Figure 3: Global Pension Industry Allocation to Alternatives through Time


To most investors, alternatives might seem new. But, this is not the case. Many of us already have experience with alternative investments through our ownership stakes in private business, rental properties, or land. In fact, exposure to alternative investments for most people has meaningfully increased over the past few decades. The global pension fund industry, for example, has raised its allocation to alternative investments from 7% in 1998 to about 30% more recently (Figure 3). At least in the pension world, the old 60/40 equity-bond portfolio has been replaced by a 40/30/30 equity-bond-alternatives model. Canada’s own Canada Pension Plan Investment Board (CPPIB) now allocates even more than the global average to alternatives, at roughly 50% of its $401 billion in assets under management. Alternative investments are growing in importance and now represent a sizable $10 trillion pool of global capital.

Why are more investors considering a shift toward alternative investments? The key reason, going back to the lessons passed on from the ancients, is diversification. The accelerated pace of the move in recent years is probably tied to the performance headwinds faced by traditional asset classes. This year’s change in the Canadian regulatory landscape has allowed for much easier access to an expanded diversification tool kit for retail investors.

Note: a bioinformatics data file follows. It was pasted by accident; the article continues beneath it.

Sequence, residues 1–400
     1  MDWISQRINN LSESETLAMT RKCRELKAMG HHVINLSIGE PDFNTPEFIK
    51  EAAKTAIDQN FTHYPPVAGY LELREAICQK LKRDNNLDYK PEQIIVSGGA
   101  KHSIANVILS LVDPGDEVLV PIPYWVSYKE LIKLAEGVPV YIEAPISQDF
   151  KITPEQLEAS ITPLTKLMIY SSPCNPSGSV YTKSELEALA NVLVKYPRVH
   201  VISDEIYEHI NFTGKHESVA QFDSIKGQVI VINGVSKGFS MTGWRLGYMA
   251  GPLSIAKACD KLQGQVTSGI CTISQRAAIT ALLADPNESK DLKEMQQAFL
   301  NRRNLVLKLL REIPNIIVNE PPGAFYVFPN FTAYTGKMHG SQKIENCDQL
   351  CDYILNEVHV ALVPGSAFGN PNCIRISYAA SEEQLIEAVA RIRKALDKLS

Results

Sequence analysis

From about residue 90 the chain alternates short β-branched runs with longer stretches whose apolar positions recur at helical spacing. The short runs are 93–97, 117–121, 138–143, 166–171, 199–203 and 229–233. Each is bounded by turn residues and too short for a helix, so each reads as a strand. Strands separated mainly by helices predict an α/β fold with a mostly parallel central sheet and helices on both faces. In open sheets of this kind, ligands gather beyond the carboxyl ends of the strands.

But, just because a product is marketed as a liquid alternative does not make it so. Keep in mind that an effective diversifying instrument needs to display low performance correlation to the traditional assets like stocks and bonds. And, it should generate a positive return contribution over long periods of time. This means that any alternative one considers should include a multi-year performance track record in order to be able to gain a better understanding of how that particular investment has behaved through various economic and market cycles.

Figure 4: Alternative Investments can Enhance Portfolio Performance


Once we have located one or more liquid alternatives with track records, positive returns over time, and low performance correlation to stocks and bonds (and to each other), we have assets that need to be considered for inclusion in the portfolio. These investments will probably help to dampen volatility and enhance the long-term return stream of the portfolio. In the lingo of that early modern portfolio pioneer, Harry Markowitz, the inclusion of liquid alternatives is likely to enhance the portfolio’s return per unit of risk (Figure 4).  

Equities and bonds are not going away. They will continue to form an integral part of most well diversified portfolios. However, it is important to be open to the idea of including other assets in a portfolio given historically low bond yields and high equity valuations. This is not to say we can predict the future for stocks and bonds with a high level of certainty. We cannot. In fact, it is precisely because of this appreciation about an uncertain future that makes portfolio diversification so important. Liquid alternative investments have arrived on the scene as a potentially new source of diversification for the Canadian retail investor. The benefits they can deliver to a portfolio’s long-term success – such as uncorrelated sources of performance, risk mitigation, and volatility dampening – should not be overlooked.